David Truslove
Classical Source
May 2018

Guillaume de Machaut’s pre-eminence during his lifetime (c.1300-1377) was built upon his exceptional gifts as a poet and song-writer. In all their variety of invention the fourteen settings on this release, the fifth from the Orlando Consort’s survey of Machaut for Hyperion, encompass the miseries and ecstasies of love as depicted on Fortune’s wheel, a familiar presence in fourteenth-century poetry and art. To this emotional range the performers respond with unfailing commitment; the singing is distinctive throughout, and makes an especially rewarding experience.

The singers are immersed in Machaut’s melodic contortions and rhythmic complexities, evident immediately in the upbeat ‘Gais et joli’. Equally impressive is ‘Trop plus et bele’, its buoyant rhythms heard to impressive effect. Most startling is ‘Hé! Mors! / Fine Amour / Quare non sum mortuus’ in which Machaut’s ingenuity is realised in robust renditions with finely-tuned ensemble, the multi-layered textures dispatched almost with defiance.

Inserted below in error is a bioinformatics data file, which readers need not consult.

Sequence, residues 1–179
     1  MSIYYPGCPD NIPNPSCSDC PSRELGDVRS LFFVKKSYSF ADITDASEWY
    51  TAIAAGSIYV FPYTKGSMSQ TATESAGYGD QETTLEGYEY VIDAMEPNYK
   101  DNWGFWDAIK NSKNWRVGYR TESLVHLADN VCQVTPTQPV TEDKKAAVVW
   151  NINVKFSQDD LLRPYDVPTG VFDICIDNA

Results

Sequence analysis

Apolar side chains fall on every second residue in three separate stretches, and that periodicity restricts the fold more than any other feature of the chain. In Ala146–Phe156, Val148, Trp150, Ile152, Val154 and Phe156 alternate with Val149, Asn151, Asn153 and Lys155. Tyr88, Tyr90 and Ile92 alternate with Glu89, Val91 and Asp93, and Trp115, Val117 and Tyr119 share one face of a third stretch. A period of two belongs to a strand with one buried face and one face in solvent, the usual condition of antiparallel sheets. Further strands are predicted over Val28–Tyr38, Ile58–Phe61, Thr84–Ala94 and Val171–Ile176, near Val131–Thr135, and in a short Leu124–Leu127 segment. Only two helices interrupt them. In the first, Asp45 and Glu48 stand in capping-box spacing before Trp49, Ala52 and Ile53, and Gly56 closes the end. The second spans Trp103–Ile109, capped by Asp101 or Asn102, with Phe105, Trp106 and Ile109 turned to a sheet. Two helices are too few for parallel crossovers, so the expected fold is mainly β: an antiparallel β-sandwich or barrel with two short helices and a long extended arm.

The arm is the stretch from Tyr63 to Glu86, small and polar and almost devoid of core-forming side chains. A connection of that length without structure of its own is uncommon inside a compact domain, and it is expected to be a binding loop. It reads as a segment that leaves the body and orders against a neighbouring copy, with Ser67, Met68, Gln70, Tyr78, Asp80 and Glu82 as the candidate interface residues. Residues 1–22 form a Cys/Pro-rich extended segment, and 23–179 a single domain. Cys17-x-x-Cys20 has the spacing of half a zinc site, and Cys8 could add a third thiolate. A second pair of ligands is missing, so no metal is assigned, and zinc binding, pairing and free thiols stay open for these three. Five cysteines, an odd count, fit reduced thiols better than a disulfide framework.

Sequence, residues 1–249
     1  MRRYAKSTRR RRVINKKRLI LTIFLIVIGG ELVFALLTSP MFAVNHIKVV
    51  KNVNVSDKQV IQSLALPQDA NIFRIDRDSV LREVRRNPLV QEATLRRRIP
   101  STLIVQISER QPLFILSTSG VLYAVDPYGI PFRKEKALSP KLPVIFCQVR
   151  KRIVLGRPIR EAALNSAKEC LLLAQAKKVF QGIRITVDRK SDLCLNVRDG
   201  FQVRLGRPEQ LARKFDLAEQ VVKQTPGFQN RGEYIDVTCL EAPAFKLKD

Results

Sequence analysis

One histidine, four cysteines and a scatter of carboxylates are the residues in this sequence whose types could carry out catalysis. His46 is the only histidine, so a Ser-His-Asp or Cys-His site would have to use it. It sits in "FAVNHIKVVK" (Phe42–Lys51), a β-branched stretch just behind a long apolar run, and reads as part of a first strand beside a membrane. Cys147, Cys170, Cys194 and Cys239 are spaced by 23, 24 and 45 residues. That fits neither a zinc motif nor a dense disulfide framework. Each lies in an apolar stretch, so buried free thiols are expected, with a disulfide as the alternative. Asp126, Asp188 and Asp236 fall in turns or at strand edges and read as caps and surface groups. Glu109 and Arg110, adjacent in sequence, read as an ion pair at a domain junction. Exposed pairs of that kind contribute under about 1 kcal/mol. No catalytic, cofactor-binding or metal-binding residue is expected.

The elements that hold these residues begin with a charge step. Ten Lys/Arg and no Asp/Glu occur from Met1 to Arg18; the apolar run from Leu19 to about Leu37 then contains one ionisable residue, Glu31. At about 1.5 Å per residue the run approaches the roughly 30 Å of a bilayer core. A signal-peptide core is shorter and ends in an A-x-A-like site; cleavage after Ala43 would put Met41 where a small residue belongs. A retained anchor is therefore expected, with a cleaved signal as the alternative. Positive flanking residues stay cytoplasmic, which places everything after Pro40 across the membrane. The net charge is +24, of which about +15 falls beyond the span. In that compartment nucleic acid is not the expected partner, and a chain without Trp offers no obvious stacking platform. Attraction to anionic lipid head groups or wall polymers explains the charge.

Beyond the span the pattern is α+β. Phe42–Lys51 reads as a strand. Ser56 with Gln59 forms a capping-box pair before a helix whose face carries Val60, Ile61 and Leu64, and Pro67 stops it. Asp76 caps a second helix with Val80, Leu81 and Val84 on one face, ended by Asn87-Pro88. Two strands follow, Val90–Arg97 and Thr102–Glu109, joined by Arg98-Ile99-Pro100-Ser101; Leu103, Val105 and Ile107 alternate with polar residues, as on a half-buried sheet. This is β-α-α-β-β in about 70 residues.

Some well-shaped solo contributions bring relief, exhibiting Machaut’s seemingly inexhaustible monophonic invention and also these artists’ attention to detail in matters of phrasing, tonal weight, colour, nuance, subtlety, and the capacity for creating a narrative. Elsewhere, much is persuasive; a warm consoling tone is put to good use, such as in the despairing ‘Riches d’amour’—which makes me reach for the repeat button. Excellent recorded sound, and a comprehensive booklet note, with texts and translations, come as standard.